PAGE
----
Enterprise Apps: Are We at an Inflection Point?

By Hari Nallan, CEO & Co-founder, Think Design

There has been significant change in the way enterprises work in the past decade, while digital technologies that power these enterprises are yet to keep pace with it. Are we now at a point of inflection?

Today’s Enterprises have:
1. Teams that are geographically spread, with members working from various locations, time zones and environments.
2. People working from home as a norm. A decade ago, this was an exception.
3. Teams that are comprised of people from varied cultural backgrounds; and are physically disconnected. It is not surprising that many team members hardly meet each other and do not know them.

While digital technologies have made progress in tackling the challenges of Communication, Collaboration and Project Management, there is still a lot to be desired when it comes to deeply “Connect people”, the way Social networks did. A real emotional connect is missing and it is time enterprises seriously solved this problem through digital technologies; because, the lack of such emotional connect results in people not really identifying with their employers.

On the other hand, we can experience a completely different trend in the Social networking space. Apps such as Facebook, Instagram, Snapchat, Twitter etc., have transcended many such barriers (of geography, culture, language, contexts etc.,) and have their users hooked on to them. While the whole world is discussing about de-addicting users from these Social networks, our Enterprises are trying hard to motivate their users to use their applications.

What are the reasons for this Dichotomy?
While working on UX for an employee engagement platform, we experienced these concerns first hand. We analyzed platforms such as SharePoint, Yammer, Google Apps, Mobile apps like Slack; and a multitude of HRMS and Project Management solutions, we found that many of these solutions miserably fail in getting the user motivated and excited to readily use them. 

1.Enterprise solutions are still fragmented and solve small specific issues. This results in users being forced to use multiple applications and solutions, resulting in fatigue. While enterprises spend a lot of money integrating these solutions to their needs, employees are reluctant to use that “one more app” that adds to their burden.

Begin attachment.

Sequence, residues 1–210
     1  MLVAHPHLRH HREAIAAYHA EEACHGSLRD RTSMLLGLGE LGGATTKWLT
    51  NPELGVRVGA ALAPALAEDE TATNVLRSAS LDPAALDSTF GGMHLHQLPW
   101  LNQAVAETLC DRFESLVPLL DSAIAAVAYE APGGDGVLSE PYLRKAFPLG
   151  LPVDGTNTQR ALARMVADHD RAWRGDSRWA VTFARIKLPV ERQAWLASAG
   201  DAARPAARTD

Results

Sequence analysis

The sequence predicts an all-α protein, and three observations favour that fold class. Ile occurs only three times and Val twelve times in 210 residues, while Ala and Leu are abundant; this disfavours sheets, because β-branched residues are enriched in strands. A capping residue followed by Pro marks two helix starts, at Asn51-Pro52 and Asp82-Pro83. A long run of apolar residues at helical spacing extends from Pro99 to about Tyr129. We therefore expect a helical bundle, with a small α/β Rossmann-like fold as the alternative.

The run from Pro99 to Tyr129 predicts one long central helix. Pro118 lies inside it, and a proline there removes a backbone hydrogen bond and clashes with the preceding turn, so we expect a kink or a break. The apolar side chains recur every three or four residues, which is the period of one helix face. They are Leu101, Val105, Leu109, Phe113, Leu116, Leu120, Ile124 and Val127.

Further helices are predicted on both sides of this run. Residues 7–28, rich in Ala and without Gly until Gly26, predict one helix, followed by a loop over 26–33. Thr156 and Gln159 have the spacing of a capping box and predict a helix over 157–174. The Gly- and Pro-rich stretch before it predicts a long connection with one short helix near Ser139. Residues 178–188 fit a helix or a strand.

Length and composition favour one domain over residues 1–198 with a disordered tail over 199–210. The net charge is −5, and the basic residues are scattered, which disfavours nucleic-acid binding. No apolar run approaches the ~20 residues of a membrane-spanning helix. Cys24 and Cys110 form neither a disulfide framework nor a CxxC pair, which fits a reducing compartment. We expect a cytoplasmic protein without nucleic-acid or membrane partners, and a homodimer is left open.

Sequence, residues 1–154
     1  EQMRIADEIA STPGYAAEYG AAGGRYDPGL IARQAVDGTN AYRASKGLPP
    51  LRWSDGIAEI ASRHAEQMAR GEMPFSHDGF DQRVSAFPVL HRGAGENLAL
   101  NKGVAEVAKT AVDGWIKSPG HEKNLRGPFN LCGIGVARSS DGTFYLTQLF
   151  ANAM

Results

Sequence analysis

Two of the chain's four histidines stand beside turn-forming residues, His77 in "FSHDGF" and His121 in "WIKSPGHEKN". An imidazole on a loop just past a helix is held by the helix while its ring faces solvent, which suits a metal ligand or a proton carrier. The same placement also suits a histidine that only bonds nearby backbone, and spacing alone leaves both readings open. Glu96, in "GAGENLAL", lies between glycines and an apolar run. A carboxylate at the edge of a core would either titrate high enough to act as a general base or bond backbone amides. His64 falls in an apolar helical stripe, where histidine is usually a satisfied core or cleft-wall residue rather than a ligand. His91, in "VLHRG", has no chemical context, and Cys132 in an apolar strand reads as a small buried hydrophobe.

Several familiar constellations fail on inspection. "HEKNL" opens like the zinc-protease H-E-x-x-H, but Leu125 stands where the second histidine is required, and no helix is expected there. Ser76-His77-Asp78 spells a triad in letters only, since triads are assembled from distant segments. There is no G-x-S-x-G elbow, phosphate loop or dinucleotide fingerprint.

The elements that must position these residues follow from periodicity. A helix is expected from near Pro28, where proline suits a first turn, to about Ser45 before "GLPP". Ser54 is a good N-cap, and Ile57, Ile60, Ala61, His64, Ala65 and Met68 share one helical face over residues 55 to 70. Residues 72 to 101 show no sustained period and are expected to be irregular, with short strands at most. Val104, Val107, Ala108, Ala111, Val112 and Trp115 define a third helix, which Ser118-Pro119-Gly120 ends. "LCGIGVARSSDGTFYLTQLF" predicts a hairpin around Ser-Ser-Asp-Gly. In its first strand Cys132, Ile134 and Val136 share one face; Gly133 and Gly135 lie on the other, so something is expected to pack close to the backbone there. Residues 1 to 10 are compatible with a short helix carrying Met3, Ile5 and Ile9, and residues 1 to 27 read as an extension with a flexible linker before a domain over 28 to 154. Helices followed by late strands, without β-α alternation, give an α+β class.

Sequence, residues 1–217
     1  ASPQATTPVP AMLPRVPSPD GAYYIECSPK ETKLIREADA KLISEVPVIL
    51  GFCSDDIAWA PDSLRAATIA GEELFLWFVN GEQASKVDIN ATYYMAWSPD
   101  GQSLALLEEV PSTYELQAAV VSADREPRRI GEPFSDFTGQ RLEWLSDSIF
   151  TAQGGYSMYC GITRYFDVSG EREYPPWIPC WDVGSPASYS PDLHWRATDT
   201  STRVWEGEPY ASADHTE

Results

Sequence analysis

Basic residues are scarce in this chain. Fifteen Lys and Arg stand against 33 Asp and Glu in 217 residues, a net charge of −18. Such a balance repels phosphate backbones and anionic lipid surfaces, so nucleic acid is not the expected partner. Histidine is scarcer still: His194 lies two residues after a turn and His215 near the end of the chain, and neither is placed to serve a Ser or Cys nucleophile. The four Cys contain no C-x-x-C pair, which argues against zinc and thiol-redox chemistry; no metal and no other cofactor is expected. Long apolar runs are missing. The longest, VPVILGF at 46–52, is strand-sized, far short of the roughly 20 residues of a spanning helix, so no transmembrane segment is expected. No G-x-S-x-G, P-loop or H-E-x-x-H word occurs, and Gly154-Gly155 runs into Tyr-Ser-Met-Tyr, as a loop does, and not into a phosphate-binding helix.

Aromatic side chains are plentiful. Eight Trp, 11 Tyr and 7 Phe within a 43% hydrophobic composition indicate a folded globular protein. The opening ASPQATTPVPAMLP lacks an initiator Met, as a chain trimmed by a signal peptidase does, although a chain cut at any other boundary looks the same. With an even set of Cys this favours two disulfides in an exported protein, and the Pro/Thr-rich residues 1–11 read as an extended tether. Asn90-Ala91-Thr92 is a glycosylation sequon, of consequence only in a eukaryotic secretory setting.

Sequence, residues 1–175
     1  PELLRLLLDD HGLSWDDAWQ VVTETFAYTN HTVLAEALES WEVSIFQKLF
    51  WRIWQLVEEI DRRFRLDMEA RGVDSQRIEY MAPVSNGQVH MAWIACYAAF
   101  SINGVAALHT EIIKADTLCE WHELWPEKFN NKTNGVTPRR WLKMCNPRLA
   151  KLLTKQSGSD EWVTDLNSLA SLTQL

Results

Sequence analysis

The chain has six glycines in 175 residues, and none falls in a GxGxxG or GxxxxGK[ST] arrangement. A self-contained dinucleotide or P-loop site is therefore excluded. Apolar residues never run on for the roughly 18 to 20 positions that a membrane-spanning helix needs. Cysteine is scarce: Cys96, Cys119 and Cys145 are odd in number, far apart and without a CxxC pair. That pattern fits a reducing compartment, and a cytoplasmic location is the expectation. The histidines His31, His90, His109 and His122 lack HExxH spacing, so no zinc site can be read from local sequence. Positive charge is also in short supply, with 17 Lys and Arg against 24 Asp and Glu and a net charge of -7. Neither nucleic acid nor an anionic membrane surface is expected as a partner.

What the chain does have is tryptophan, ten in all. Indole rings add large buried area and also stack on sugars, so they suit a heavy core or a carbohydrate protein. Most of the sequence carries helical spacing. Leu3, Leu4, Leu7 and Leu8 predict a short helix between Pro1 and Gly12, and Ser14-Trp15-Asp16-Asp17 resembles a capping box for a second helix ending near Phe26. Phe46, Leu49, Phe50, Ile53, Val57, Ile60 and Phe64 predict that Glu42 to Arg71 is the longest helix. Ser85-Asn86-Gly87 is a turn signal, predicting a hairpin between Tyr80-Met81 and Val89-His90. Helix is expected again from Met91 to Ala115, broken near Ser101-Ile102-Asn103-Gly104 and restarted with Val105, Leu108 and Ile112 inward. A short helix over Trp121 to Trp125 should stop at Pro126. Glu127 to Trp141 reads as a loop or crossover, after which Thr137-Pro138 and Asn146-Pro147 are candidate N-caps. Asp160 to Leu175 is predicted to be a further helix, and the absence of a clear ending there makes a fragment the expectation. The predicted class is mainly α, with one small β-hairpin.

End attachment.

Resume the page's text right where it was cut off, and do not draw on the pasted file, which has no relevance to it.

2. A lot of enterprise solutions are still predominantly browser based, forcing users to use them through their desktops/laptops. Even those that are present in mobile platforms tend to have their User Experiences far from desirable. This is one pain-point Social networks on the other hand, started solving many years ago.
3. Enterprise solutions tend to lean towards “transactional” than “aspirational”; there is this implicit approach with which solutions are architected. However, this approach will not result in aspirational products. When we conducted user interviews while studying enterprise apps, we had them complaining, “End of the day, all we see are tables”. If we bombard users with tables, lines of data and call to actions; and that’s all they see, it is going to be really hard to take them that extra mile and hear them say, “Wow. I like using this”!

Whether we like it or not, if we do not build ‘aspirational’ value in Enterprise apps, even the ‘transactional’ bit will start falling apart. We all know that “We can take a horse to a pond, but cannot make it drink water”. It is time we learnt from consumer applications and built enterprise applications accordingly.

It will not be difficult to emulate what apps like Facebook, Whatsapp, Snapchat have already accomplished; and contextualize them with the challenges of the enterprise. Slack has accomplished this in a certain way; and I hope that the recent acquisition of LinkedIn is a move in this direction. I believe that we are certainly at an inflection point.

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